Originally Posted by GILow
You might be pleasantly suprised. I picked up some paper just this morning from my local paint
supplies place, 400, 800, 1500 and 2000 wet and dry (respraying my wife's car). There were even some grades between those (1200 was one I think), but I have found I can jump them if I am careful. I've seen most of those grades at the mainstream hardware places too.
I too would not pickle till the end of the job, at least, that was the way I was taught by the local SS fabricator.
There are some headlight kits for sale
in the auto part stores here in the states made by 3M and others that have 4 different sanding
grades. Nicely cut round disks and a soft applicator holder. Ive used them to get that yellow UV discoloration off of the lenses. Great for any clear plastic you may want to sharpen up I can say that. It gives it a brand new look. I was done and it looked like I just bought them. I believe the grades are 80, 300, then 1000 (wet) and 2000 (wet). For plastic it has a buffering polish protective coating to add as well.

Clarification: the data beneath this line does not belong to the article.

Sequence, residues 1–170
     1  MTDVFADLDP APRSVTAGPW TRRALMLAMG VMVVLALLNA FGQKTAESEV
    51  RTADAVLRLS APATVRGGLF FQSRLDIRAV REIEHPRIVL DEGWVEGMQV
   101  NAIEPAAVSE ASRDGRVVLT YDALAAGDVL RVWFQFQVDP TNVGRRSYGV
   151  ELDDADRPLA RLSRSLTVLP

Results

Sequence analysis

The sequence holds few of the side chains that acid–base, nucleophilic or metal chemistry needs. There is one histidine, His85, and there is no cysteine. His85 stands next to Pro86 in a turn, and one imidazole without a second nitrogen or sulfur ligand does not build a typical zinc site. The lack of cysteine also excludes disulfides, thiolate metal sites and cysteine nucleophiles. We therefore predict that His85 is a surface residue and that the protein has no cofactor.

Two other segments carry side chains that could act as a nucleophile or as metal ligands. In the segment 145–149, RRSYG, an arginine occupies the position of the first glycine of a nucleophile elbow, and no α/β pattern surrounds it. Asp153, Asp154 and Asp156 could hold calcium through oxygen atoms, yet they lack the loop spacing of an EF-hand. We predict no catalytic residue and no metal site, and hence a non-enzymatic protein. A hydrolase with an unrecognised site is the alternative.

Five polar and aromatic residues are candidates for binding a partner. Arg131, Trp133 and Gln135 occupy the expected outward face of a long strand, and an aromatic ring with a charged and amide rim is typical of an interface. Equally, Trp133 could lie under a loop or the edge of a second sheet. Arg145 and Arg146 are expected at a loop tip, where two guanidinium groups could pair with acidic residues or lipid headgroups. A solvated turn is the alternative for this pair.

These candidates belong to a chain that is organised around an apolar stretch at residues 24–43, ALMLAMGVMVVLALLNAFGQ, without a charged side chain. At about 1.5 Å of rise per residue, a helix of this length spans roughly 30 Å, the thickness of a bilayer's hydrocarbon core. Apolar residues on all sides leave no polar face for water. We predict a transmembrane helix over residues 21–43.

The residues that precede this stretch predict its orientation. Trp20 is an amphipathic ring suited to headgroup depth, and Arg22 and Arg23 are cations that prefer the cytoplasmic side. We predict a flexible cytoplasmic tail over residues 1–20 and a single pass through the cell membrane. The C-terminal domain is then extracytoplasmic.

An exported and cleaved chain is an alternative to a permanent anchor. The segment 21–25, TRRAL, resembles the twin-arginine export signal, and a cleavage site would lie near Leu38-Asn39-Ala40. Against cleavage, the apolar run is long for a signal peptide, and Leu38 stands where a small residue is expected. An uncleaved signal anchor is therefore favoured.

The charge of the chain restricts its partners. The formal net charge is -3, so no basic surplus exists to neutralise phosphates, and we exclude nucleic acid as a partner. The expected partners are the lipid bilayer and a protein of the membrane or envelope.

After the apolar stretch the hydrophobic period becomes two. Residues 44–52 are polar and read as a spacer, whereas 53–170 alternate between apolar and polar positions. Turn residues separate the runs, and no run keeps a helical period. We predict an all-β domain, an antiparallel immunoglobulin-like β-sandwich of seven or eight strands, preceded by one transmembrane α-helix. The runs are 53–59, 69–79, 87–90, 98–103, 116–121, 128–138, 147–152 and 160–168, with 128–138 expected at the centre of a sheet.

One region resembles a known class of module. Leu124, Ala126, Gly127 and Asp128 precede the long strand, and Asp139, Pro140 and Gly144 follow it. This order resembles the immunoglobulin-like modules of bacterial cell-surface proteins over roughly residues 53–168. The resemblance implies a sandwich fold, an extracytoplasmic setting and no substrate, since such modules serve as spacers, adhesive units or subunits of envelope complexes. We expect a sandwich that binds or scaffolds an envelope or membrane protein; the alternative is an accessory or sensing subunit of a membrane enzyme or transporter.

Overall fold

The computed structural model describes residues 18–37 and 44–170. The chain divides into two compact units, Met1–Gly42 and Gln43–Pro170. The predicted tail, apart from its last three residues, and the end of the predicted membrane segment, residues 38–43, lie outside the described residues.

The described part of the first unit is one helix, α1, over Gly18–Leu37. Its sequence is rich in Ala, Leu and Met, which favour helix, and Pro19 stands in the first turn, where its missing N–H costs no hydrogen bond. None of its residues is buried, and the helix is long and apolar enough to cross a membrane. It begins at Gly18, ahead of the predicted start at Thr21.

The finishing 2 disk grits seem pretty tough to last a while. Almost foam like. Not paper thin like sand paper.
3M Headlight Restoration
Kit part #39084. Nice little package under 20 bucks if you have a small amount to polish up.
I don't know if the steps in between grits is to steep. That's my question using paper to metal. How big of a jump in between grades is to much.
There a kit just something with it all together with a nice foam applicator pad to hold the paper. Instead of a bench grinder/buffer and the rouges.